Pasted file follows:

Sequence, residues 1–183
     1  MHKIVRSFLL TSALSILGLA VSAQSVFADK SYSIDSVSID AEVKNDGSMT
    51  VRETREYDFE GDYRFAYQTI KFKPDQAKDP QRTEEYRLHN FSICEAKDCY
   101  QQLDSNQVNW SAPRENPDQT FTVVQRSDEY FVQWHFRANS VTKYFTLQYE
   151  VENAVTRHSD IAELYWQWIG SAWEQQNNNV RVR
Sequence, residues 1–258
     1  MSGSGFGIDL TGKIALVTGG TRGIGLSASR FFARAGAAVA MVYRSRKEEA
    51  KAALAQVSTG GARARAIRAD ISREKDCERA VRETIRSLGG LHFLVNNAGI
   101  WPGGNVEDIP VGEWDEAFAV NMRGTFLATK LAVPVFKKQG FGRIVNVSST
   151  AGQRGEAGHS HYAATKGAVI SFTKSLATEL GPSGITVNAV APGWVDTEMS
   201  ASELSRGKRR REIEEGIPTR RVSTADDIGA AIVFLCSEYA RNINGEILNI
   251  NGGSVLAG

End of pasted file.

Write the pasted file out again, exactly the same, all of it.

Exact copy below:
Sequence, residues 1–183
     1  MHKIVRSFLL TSALSILGLA VSAQSVFADK SYSIDSVSID AEVKNDGSMT
    51  VRETREYDFE GDYRFAYQTI KFKPDQAKDP QRTEEYRLHN FSICEAKDCY
   101  QQLDSNQVNW SAPRENPDQT FTVVQRSDEY FVQWHFRANS VTKYFTLQYE
   151  VENAVTRHSD IAELYWQWIG SAWEQQNNNV RVR
Sequence, residues 1–258
     1  MSGSGFGIDL TGKIALVTGG TRGIGLSASR FFARAGAAVA MVYRSRKEEA
    51  KAALAQVSTG GARARAIRAD ISREKDCERA VRETIRSLGG LHFLVNNAGI
   101  WPGGNVEDIP VGEWDEAFAV NMRGTFLATK LAVPVFKKQG FGRIVNVSST
   151  AGQRGEAGHS HYAATKGAVI SFTKSLATEL GPSGITVNAV APGWVDTEMS
   201  ASELSRGKRR REIEEGIPTR RVSTADDIGA AIVFLCSEYA RNINGEILNI
   251  NGGSVLAG